Electronic Records Increase Preventive Testing, Study Says
Women's health screening rates for many common conditions rise as IT becomes more sophisticated, study finds.
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Practices with electronic medical records (EMRs) tend to order more mammograms and other preventive health services for women than those that still keep records on paper, according to newly published research. The more sophisticated the EMR, the more tests ordered.
In a study published in the Journal of the American Medical Informatics Association (JAMIA), a multidisciplinary team from the University of Cincinnati measured 11 variables, based on preventive care recommended by the U.S. Department of Health and Human Services' Office on Women's Health. "For seven of the 11 healthcare outcomes studied, the presence of some type of EMR system was important," said the study, which first appeared online last fall but was in the February print edition of JAMIA.
The researchers presented an earlier version of their study as an unpublished poster at the 2011 International Society for Pharmacoeconomics and Outcomes Research annual meeting, they said.
The incidence of breast and pelvic exams, Pap tests, mammography, cholesterol tests, bone mineral density (BMD) and chlamydia screening all went up "significantly" in the presence of even a minimally implemented EMR. As EMR functionality increased, so did usage of these tests, the Cincinnati researchers found. "The key independent variable was the level of EMR system sophistication," they said.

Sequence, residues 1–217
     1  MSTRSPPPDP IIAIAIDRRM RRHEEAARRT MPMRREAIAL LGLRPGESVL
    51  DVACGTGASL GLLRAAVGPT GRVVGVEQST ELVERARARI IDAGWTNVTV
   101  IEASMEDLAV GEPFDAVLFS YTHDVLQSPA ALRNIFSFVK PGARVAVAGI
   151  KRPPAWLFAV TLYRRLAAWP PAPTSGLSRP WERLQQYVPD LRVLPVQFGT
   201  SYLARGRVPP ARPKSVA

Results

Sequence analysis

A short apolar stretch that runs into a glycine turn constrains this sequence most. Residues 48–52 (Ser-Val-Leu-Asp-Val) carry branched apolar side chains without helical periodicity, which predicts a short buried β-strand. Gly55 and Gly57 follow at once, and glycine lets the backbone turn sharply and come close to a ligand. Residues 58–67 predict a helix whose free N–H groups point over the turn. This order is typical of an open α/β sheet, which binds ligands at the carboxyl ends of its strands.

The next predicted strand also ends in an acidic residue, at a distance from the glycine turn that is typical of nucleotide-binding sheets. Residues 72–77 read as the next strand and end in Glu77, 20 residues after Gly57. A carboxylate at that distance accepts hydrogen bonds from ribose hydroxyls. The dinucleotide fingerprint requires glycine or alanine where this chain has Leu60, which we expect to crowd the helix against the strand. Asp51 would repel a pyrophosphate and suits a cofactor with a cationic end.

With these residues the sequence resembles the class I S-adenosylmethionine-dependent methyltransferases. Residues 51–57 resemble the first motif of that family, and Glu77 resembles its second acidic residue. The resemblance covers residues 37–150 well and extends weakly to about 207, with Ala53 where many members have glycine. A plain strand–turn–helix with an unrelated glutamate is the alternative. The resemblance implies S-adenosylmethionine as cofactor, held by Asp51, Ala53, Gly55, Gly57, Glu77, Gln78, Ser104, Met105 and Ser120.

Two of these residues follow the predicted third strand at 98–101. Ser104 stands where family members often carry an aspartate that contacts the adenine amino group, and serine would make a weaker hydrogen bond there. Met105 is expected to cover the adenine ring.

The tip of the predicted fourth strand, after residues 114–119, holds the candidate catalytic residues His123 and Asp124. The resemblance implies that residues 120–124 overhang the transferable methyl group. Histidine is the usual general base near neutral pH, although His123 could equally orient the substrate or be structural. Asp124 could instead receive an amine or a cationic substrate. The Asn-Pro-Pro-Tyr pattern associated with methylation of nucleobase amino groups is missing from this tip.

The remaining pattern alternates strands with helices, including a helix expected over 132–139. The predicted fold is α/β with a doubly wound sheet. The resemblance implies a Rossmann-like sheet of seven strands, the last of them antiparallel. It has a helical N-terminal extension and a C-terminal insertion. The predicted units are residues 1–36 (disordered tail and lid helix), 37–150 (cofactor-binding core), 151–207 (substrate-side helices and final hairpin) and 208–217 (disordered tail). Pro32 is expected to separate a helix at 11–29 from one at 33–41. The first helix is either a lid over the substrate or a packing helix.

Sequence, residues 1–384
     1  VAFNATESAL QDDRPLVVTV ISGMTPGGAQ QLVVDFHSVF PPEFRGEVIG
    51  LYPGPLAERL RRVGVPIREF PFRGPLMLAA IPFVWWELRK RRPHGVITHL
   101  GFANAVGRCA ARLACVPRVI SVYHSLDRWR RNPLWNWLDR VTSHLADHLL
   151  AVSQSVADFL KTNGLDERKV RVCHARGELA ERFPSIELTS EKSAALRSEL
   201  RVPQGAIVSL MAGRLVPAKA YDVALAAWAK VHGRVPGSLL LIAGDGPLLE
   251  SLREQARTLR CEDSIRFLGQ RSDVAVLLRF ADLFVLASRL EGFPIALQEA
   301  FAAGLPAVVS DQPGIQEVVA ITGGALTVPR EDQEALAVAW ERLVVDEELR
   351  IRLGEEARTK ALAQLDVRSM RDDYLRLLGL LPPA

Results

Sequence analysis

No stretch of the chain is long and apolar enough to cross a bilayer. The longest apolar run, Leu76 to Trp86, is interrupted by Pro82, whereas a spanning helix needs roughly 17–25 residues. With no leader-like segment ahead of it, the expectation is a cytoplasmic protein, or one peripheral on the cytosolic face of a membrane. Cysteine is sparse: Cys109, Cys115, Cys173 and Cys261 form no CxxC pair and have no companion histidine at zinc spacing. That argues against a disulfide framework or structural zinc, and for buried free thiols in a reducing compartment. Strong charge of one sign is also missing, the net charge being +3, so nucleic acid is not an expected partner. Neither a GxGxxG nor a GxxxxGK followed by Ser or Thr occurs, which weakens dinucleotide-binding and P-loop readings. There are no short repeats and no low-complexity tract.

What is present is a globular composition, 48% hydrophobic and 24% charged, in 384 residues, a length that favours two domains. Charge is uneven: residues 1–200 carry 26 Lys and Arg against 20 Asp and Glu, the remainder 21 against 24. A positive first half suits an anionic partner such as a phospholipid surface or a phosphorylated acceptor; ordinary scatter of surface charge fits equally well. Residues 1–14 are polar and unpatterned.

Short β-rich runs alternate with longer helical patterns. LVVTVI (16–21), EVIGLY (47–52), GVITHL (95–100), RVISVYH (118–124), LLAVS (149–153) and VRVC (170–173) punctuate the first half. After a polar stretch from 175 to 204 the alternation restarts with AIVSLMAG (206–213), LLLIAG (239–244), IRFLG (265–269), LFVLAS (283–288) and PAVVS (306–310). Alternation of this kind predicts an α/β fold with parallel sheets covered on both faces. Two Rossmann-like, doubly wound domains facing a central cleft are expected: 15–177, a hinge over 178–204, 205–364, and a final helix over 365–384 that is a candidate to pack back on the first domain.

"Across the providers [studied], 29.23%, 49.34%, 15.97%, and 5.46% had no, minimal, basic, and fully functional EMR systems, respectively," the researchers said, using the classifications in the annual National Ambulatory Medical Care Survey (NAMCS), as compiled by the U.S. Centers for Disease Control and Prevention (CDC). They examined data in the 2007 and 2008 surveys. "The breast examination rate was 20.27%, 34.96%, 37.21%, and 44.98% for providers without or with minimal, basic, and fully functional EMR systems, respectively," the JAMIA paper said.
However, EMRs did not seem to affect rates of testing blood pressure, nutrition counseling, diet and exercise counseling, or administration of flu vaccines.
What is not known from this study is whether the level of EMR functionality affects quality of care or health status from preventive screenings, because the NAMCS data do not indicate whether a patient actually got the recommended care or if a physician merely placed an order. "It cannot be assumed that patients necessarily followed through with tests and examinations, let alone followed advice on diet and exercise," the researchers noted.
Still, they concluded that their findings "strongly suggest that EMR systems have a positive impact on preventive women's healthcare. The use of a national database along with advanced statistical techniques allow for confidence in this conclusion."
The Cincinnati team did allow that they were working with rather old data, from 2007 and 2008, which were the most recent NAMCS statistics available when putting together their analysis. "However, because of the fast-paced development and adoption of EMR system technology, the results of this study will become dated fairly quickly," they said, noting that the CDC's National Center for Health Statistics reported in 2011 that 57% of office-based physicians had some form of EMR.
"Guidelines for women's health also change periodically depending on the latest research findings," they added.
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